That restless spirit means Hot Chip is constantly evolving. Started primarily as a vehicle for the songs of Taylor and school pal Joe Goddard, the project has grown into a five-way partnership, and Martin says Made in the Dark is a true group effort. “Joe and Alexis, who are the principal songwriters, had an established songwriting relationship, which relied mostly on Joe producing, coming up with loops and bits and pieces of tracks, and then Alexis adding the lyrical content and melodies and so on that he’s thought of while he’s on the bus or in the bath or wherever he happened to be,” the electronic-percussion specialist says. “But because we play live so much together, me and [guitarist-keyboardist] Owen [Clarke] and Al have come to have some influence on the way the songs are put together. So there was more of a traditional rock-band style of recording on this one, where we actually did go to a studio and just recorded tracks that we’ve done live for the last couple of years in a quite conventional band fashion.”

      In contrast, the group’s members tend to work individually when it comes to remix jobs. Over the past four years, everyone from Amy Winehouse and the Scissor Sisters to Queens of the Stone Age and Bright Eyes has padded Hot Chip’s coffers by commissioning mixes. Martin admits that his cohorts will take on all comers, regardless of genre, but he says he no longer wants any part of it. He’d rather spend his time deejaying or working with Doyle on their side project, Lanark. “It’s Joe who does all the remixes now,” he says. “I haven’t done a remix since the Kraftwerk one [”˜La Forme/Aerodynamik’] that I did last year. I basically became disinterested in doing them and stopped doing them. I started finding them really boring to do, but Joe seems to be still plucking away, so there’s probably hundreds of Hot Chip remixes coming out in the next few months. I’ve lost track of what they all are.”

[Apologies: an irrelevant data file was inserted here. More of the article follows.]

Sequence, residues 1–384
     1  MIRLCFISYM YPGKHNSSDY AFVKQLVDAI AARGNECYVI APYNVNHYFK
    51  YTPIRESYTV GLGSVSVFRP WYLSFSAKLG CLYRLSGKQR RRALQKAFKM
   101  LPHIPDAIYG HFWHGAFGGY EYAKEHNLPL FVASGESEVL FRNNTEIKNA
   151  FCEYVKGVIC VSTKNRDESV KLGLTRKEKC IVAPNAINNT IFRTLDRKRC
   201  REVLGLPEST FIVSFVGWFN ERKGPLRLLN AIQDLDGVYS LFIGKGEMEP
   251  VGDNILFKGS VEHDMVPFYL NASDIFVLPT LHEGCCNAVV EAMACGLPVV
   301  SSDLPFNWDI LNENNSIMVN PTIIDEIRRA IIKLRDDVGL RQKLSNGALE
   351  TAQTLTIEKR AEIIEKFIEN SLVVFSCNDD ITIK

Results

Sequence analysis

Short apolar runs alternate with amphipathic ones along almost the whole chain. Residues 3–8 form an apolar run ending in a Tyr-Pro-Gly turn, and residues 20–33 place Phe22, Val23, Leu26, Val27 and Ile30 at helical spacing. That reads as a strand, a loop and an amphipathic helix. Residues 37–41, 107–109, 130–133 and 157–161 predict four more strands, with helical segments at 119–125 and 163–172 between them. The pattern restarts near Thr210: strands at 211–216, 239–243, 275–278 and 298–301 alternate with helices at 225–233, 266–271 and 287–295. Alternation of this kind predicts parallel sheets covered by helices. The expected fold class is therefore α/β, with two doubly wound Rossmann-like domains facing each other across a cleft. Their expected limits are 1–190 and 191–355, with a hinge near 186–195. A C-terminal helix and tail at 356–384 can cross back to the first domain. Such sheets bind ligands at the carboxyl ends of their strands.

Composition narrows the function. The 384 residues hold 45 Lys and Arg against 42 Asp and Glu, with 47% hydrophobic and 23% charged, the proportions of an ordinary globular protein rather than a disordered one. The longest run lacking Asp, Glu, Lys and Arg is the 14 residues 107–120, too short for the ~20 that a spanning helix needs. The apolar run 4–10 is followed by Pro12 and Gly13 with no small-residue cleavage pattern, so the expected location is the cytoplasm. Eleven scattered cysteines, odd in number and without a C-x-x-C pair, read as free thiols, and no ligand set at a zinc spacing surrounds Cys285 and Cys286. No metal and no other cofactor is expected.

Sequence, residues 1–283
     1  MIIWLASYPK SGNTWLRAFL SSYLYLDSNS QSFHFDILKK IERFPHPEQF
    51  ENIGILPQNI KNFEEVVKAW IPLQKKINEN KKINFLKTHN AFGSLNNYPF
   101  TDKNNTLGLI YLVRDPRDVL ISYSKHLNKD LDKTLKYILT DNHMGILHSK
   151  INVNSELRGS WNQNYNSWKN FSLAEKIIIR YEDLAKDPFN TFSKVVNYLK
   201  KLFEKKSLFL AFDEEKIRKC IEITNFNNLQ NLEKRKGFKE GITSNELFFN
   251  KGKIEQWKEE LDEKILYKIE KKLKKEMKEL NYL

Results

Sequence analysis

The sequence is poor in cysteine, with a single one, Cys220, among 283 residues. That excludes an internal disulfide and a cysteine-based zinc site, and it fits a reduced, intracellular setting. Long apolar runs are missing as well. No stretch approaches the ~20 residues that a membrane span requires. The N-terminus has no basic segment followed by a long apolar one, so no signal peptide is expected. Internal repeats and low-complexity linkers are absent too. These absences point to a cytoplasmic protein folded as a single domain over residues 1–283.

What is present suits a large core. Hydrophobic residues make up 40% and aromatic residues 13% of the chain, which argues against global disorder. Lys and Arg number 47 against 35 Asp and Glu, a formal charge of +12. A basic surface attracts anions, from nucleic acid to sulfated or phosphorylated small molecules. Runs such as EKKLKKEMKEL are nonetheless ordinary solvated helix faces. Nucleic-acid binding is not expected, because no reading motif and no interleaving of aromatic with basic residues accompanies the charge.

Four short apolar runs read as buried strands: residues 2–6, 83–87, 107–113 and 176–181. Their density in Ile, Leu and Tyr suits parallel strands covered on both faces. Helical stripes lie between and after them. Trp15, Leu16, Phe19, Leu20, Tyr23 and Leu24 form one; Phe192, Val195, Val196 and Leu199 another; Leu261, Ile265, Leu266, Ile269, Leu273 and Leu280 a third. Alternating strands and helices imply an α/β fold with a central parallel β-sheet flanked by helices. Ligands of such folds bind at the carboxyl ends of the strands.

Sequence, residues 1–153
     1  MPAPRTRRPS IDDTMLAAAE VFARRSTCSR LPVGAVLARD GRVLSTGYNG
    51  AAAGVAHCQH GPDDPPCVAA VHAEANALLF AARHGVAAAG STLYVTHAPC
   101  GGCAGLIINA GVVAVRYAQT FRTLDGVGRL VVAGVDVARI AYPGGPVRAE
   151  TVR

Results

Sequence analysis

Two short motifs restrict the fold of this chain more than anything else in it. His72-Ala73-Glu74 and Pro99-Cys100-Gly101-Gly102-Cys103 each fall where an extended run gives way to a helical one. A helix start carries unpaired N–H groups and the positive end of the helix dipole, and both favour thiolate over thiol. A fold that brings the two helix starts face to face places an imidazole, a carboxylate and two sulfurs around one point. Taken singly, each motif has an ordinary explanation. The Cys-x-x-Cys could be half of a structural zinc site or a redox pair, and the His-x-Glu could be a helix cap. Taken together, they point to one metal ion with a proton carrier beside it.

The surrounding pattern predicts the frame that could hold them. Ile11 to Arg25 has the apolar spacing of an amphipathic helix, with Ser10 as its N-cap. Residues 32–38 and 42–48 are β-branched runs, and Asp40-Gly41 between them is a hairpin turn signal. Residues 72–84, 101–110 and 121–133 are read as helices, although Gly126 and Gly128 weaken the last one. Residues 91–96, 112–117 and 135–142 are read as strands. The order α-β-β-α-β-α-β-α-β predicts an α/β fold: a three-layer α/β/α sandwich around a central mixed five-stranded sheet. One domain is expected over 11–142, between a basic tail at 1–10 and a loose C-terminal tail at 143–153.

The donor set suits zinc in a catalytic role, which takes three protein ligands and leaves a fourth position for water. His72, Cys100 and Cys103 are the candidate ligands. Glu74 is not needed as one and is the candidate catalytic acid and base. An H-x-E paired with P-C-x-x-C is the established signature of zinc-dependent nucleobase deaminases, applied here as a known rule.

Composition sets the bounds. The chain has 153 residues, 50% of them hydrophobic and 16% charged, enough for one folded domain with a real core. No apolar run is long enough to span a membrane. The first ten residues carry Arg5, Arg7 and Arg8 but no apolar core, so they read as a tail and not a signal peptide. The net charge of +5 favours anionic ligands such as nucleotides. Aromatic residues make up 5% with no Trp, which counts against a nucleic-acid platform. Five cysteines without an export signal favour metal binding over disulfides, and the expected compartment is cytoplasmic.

It’s pointless to speculate on what those tracks might sound like, given Hot Chip’s refusal to root itself in any particular style. It’s an approach that confounds some, but Martin feels gratified knowing that those whose opinions really matter appreciate what he and his bandmates are doing. “Some of the things that people have said about the record are not very nice to hear, but there have been really positive things,” he notes. “Robert Wyatt, who we recently worked with, told us that he likes the music. And Kraftwerk, who we did those remixes for last year, were very positive about our music. And frankly, being surrounded by musicians like that who are giving you positive feedback on your work is a lot more valuable than reading reviews by journalists, when you don’t really know who they are or where they’re coming from.” -

      Hot Chip plays the Commodore Ballroom on Monday (April 21).